If you’re a recent grad like me, you may not be able to change your GPA, but you can change your LSAT. These two numbers are king for getting into many law schools, and, if you can score big on least one of them, why not go for it? Taking time off between undergrad and law school allows you to devote the time needed to do as well as possible on the LSAT. If you can’t allot enough time for LSAT studying because you work long hours, that’s OK! Just extend your study schedule until you get the score you’re aiming for. Remember, the LSAT and law school will always be there. Things that won’t always be there are tremendous once-in-a-lifetime opportunities to travel, new jobs, or the opportunity to move to a new city. All of these things can add a compelling, unique dimension to your resume, and subsequently, your law school application. Law school admissions committees are eager to hear about your post-graduate experiences, whatever they are.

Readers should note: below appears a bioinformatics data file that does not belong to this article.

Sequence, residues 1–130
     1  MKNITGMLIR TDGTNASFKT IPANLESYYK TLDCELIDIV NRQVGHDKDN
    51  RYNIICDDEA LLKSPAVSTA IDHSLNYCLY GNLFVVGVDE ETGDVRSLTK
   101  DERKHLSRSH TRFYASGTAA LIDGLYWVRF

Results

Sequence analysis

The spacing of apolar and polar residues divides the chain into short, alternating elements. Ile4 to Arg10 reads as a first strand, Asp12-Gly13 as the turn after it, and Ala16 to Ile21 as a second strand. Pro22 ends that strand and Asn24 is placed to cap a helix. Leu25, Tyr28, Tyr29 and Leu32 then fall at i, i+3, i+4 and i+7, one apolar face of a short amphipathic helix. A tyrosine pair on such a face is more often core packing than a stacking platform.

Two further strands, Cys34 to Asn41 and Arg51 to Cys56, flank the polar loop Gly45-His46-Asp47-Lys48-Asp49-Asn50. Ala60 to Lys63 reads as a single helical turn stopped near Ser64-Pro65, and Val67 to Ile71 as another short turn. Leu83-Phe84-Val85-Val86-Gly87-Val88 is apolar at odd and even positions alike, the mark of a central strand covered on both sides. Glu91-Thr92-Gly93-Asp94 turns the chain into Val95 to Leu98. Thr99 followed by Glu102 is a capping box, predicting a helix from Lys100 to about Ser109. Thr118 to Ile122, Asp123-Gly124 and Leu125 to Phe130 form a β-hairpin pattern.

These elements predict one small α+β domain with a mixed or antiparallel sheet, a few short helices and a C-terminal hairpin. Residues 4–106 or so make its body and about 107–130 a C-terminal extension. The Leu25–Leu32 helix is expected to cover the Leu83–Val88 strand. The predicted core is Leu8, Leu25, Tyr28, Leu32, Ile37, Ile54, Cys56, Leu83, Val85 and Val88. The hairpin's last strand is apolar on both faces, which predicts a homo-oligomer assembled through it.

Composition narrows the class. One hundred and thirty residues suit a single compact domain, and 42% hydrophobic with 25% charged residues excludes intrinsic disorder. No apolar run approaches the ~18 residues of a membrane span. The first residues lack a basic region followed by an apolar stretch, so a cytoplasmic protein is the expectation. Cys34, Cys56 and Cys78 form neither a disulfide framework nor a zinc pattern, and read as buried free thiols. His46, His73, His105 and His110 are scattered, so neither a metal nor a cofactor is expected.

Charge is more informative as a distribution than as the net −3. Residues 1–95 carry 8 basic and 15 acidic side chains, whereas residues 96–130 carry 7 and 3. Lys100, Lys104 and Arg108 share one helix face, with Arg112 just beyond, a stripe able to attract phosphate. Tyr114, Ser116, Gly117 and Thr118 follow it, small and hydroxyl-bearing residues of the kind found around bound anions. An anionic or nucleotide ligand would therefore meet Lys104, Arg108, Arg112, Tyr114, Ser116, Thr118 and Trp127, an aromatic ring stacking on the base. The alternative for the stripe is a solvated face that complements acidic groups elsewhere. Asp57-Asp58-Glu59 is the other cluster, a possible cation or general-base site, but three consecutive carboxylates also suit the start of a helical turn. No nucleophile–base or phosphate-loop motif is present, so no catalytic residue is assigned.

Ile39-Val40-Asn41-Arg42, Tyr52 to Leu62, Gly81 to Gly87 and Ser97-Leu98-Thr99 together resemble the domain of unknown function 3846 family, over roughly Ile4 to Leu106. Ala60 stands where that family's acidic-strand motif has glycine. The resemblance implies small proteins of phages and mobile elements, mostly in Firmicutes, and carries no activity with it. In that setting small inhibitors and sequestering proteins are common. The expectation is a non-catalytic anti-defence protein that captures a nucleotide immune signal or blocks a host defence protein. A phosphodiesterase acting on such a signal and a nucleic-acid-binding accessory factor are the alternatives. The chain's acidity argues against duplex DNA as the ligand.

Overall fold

In the end, I hope you will help yourself tell the amazing story of you by taking time off after undergrad. By taking time to recharge and evaluate your goals, you can tackle the law school admissions process with renewed and focused energy!

Tatum Lindsay is a graduate of Mount Holyoke College where she worked as a student advisor counseling students interested in applying to law school. She lives in Cairo, Egypt, and works at the American University in Cairo as a researcher at the Access to Knowledge for Development Center studying access to knowledge, intellectual property, and human development in Egypt, the Arab world, and Africa. You can find her on Twitter at @tatumlinds.

Thanks, Tatum, for sharing with us your reasons (all great ones, I might add) for working before attending law school! If you liked Tatum’s article, make sure to follow her on Twitter.

Have questions or comments about taking time off before going to law school? I’d love to hear from you. Post your questions and comments below and I’ll respond.